I am a creme brulee fiend.  If its on the menu for dessert–you can bet I’ll order it.  I love the stuff.  I love the tapping noise before you break into the sugar shell…I know, but sometimes you just have to find joy in the simple things.

Creme brulee is simply one of the easiest desserts to put together. Just a few short steps–and you’re on your way.  I had a few recipes bookmarked–and decided to use Alton Brown’s methodology while varying up the proportions just a tad.  Not because Alton Brown isn’t awesome–but because I simply didn’t have enough cream on hand.

End result?  Sooooooo good.  Creamy and rich custard with great hints of vanilla.  Mike was very happy. So happy–that he had three.

Vanilla Bean Creme Brulee

Makes 5 Servings

2 cups heavy cream
1 vanilla bean, split and scraped
1/4  cup vanilla sugar
1/2 tsp vanilla extract (I added a tad more vanilla since my vanilla bean was on the punier side)
3 large egg yolks
pinch of salt
2 quarts hot water
additional sugar for browning (a little under a tbsp per ramekin)

Preheat the oven to 325 degrees F.

Place the cream, vanilla bean and its pulp, and salt into a medium saucepan set over medium-high heat and bring to a boil. Remove from heat and set aside.  Allow cream to sit for 15 minutes to maximize the the vanilla flavor.

In a medium bowl, whisk together 1/4 cup sugar and the egg yolks until well blended and it just starts to lighten in color.  About 5 minutes.  Add vanilla extract and whisk until blended.  Now,  add the cream a little at a time, stirring continually. Pour the liquid into ramekins. Place the ramekins into a large cake pan or roasting pan. Pour enough hot water into the pan to come halfway up the sides of the ramekins. Bake just until the creme brulee is set, but still trembling in the center, approximately 35 to 40 minutes. Remove the ramekins from the roasting pan and refrigerate for at least 2 hours and up to 3 days.

Alton’s recipe suggests you remove the creme brulee from the fridge at least 30 minutes before torching the sugar on top.  I imagine this is to allow the custard to warm up a bit…but i did not do this.  We just couldn’t wait a second longer.  Top each ramekin evenly with a little under a tbsp of sugar.  Using a torch, melt the sugar and form a crispy top. Allow creme brulee to sit for a minute or 2 before eating (allows shell to harden).


Adapted from Alton Brown and

Unbelievably good and satisfying–and you wouldn’t believe how easy they are to make.  Well, let me take a step back–“easy” refers to if you’re smart enough to buy puff pastry sheets from the frozen foods area at your local grocery store.  I, being the dreamer that I am, thought it would be a “great” idea to make my own puff pastry sheets.  Major no-no, especially since it was done for a huge catering gig where I had a very limited amount of time.  I will say, that the homemade puff pastry, was wonderfully buttery and flaky. By no means does frozen puff pastry compare.  I will be honest though–when weighing the pros and cons, I can confidently say that I will be buying puff pastry the next time I make this dessert (which will be very very soon!).  There really is no reason to put yourself thru that much work.  If you’re a puff pastry purist and you JUST HAVE to make your puff pastry from scratch, I can definitely vouch for Emeril Lagasse’s recipe that can be found here.  But for those of you who are just looking to make a wonderfully fresh and simple dessert, I’d buy the puff pastry.  You bet I wish I had!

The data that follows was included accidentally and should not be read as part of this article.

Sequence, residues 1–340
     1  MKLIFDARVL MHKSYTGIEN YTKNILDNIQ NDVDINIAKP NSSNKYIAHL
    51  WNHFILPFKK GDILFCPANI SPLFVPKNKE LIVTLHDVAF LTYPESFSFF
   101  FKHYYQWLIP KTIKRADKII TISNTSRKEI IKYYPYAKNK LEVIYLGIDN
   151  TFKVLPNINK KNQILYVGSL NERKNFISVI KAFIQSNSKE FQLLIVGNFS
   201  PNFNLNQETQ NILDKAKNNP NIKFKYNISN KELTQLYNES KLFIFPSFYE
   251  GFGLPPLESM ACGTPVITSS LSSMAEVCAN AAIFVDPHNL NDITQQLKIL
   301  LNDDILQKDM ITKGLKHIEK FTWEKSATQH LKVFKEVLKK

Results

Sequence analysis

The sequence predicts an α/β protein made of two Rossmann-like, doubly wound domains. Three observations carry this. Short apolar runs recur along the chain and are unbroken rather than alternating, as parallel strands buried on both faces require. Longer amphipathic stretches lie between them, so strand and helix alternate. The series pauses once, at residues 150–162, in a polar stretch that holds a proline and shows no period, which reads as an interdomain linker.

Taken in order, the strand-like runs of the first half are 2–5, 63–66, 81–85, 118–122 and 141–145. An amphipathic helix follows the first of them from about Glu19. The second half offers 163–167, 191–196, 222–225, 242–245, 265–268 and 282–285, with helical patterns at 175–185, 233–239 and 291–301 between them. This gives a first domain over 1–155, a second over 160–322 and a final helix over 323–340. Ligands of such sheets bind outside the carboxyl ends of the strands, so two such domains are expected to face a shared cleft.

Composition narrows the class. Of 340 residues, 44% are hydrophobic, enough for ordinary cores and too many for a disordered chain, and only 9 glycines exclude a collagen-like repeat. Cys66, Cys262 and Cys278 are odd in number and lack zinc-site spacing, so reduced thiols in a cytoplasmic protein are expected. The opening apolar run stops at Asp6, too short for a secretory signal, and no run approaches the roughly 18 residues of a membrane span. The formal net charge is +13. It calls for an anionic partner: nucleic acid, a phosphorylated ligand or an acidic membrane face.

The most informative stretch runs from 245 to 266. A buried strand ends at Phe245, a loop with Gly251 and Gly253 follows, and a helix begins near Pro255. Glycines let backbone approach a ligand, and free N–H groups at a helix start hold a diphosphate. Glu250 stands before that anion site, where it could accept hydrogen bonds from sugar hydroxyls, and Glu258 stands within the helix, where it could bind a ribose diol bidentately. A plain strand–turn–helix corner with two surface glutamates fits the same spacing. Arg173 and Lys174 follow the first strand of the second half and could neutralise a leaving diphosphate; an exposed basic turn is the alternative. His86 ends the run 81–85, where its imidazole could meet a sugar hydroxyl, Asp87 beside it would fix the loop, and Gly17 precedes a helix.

Anyhow, like I discussed in my previous post, I decided to make these since my boss stated that his wife isn’t big on cake.  We were going to make a really light vanilla cake loaded with tons and tons of  fruit.  But I was in Westminster and stopped by a Vietnamese Bakery (Yes, it was Van’s)–and a light bulb went off.  Go to a large Vietnamese gathering and you’ll likely find this dessert there.  It’s always been one of my favorites, so I thought it would be a great idea.  Catch?  I’ve never made anything like this before.  But I was certain with some research and determination, I’d be able to pull it off.  After I got the go-ahead,  I found a handful of recipes to work with.

And well…these things couldn’t be more beautiful.  It’s a wonderfully versatile recipe as well–use it with different fruit combinations, create different fruit based glazes , or heck turn them into fruit pockets.  The possibilities are limitless.

Oh! Save yourself some grief–and make the custard the day before.  You want the custard to be cold/cool when you place it on the puff pastry so that it doesn’t get all soggy.

Mini Fresh Fruit Tarts

1 package puff pastry, thawed (I recommend Pepperidge Farm)
1 egg + 1 tbsn. water, beaten (egg wash)
1 bow of strawberries, washed, hulled and sliced
1 box of blueberries, washed
1 box of blackberries, washed
1 bow of raspberries, washed
1 ripe mango, diced.
For the Custard:

1 cup whole milk (if you’re brave and want to step it up a bit, use heavy cream–makes the custard oh-so-rich. I mean, Jay Z rich.)
1/4 cup white sugar
1/2 vanilla bean, halved lengthwise (or use a 1 tsp of vanilla extract)
3 egg yolks
2 tablespoons all-purpose flour
3 tablespoons unsalted butter
1/2 pinch salt

To make the custard:

  1. Place the milk, half the sugar and the vanilla bean in a saucepan over medium heat.
  2. Combine the egg yolks and the remaining sugar in a bowl and whisk until light in color. Add in the flour and the salt, mix to combine.
  3. When the milk just begins to boil, remove from heat and remove vanilla bean. Very slowly stream the hot milk mixture  into the yolk mixture, stirring constantly. When about half of the milk has been added, place all of the yolk mixture into the saucepan over medium heat. Using a spatula or a whisk, mix the pastry cream as it heats.  Make sure to thoroughly whisk mixture completely–scraping down the sides of the pan.
  4. Bring the mixture to a boil. Let boil for about 1 minute, stirring constantly. The mixture will thicken.
  5. Remove from heat and add the butter. Stirring constantly should give you a very smooth cream. If you are unsatisfied with the consistency, strain to remove any lumps.
  6. Place into a bowl, and cover.  Make sure the drop the saran wrap all the way down to the surface of the pastry cream.  This will prevent a skin from forming.
  7. Let cool and refrigerate.
Fruit Tart Preparations:
  1. Defrost Puff Pastry as directed on package.  Remove and unfold sheets onto a lightly floured surface.
  2. Use a knife and cut each sheet into 9 evenly sized squares (each package comes with 2 sheets, so you should have a total of 18).  Take a fork and prick holes all over each square, taking care not to rip the sheets.
  3. Place the squares onto a baking sheet lined with parchment paper (I use my Silpat liner.  I love that thing more than I can ever say!) .